|The petitioner’s property is zoned Low Density Residential-2 (LDR2) Zoning District. The use of the property as a place of worship is classified as an Institutional Use, and allowed as a conditional use in the LDR2 Zoning District under the City’s Land Development Regulations of City Code, also referred to as the City’s “zoning regulations.” The City’s sign regulations are part of the Land Development Regulations.
The petitioner erected the existing monument sign on Hanson Boulevard in 2001 after obtaining a variance from the required setback from Hanson Boulevard right-of-way. During reconstruction of Hanson Boulevard at that time, additional right-of-way was taken and the previous ground sign was removed. Following completion of the roadway project, the church applied for the variance to locate its ground sign—the existing, 55.25 square-foot sign—eight feet from the right-of-way where the required setback was 18 feet. The variance was approved based upon trees obstructing the visibility of a sign at the required setback and the variance is to remain in effect only as long as the obstruction remains.
In May 2005, Faith Lutheran Church was denied a permit by City staff to erect a second ground sign along the Hanson Boulevard frontage. Upon appeal of this staff decision to City Council, the petitioner was issued a variance to construct the second ground sign—the cross that is located in the driveway median off Hanson Boulevard. City Code zoning regulations allow one ground sign per building for institutional uses located in residential zoning districts.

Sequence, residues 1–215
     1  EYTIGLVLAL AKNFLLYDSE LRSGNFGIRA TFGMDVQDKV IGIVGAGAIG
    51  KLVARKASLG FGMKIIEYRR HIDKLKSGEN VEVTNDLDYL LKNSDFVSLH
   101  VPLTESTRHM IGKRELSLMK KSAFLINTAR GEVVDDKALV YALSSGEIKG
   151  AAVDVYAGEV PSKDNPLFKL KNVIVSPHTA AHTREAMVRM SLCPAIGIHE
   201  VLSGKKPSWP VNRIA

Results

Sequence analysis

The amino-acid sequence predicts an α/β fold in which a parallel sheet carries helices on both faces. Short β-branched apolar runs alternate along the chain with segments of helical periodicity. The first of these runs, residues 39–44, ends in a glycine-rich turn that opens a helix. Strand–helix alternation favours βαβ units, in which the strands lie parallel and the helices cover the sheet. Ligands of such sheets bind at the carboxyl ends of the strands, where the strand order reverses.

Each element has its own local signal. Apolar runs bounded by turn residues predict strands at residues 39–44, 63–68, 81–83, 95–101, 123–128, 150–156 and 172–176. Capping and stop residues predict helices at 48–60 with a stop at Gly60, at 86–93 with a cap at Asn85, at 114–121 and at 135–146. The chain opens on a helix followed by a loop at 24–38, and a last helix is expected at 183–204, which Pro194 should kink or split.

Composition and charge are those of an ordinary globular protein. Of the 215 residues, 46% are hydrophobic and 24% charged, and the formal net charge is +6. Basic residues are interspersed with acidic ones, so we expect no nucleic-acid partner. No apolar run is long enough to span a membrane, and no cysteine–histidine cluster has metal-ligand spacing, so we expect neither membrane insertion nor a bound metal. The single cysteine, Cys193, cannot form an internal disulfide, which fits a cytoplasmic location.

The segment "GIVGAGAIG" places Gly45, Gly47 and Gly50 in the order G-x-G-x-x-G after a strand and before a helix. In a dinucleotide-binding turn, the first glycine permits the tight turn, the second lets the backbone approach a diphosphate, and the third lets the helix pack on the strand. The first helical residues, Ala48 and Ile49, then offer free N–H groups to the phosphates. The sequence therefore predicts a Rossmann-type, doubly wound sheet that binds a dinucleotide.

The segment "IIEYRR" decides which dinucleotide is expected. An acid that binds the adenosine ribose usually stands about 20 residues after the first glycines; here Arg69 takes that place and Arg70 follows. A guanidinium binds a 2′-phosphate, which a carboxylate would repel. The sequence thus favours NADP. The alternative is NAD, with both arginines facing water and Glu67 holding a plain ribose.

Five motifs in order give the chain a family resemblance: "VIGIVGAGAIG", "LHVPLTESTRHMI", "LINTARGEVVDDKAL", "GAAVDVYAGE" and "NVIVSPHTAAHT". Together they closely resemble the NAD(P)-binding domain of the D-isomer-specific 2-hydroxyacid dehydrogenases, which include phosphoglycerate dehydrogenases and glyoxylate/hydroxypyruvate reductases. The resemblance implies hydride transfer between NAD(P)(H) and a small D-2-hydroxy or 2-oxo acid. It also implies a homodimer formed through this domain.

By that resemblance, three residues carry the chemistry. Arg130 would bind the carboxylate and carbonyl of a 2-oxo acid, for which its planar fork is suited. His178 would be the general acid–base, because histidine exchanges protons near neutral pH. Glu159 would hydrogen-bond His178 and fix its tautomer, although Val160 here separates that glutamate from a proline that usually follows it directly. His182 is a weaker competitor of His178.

The church is proposing to remove the existing monument sign and replace it with a larger, 76 square-foot monument style ground sign located approximately 110 feet north of the current sign on the Hanson Boulevard frontage. The new monument sign is proposed to be 13 feet in height and setback 10 feet from the public street right-of-way. City Code sign regulations permit either a monument style ground sign or a pylon style ground sign of up to 100 square feet in area on the petitioner’s Hanson Boulevard frontage. A monument style ground sign is limited to ten feet in height and is permitted a minimum setback of ten feet from the right-of-way. A pylon style ground sign may be taller but is required to be set back at least 15 feet from the public street right-of-way.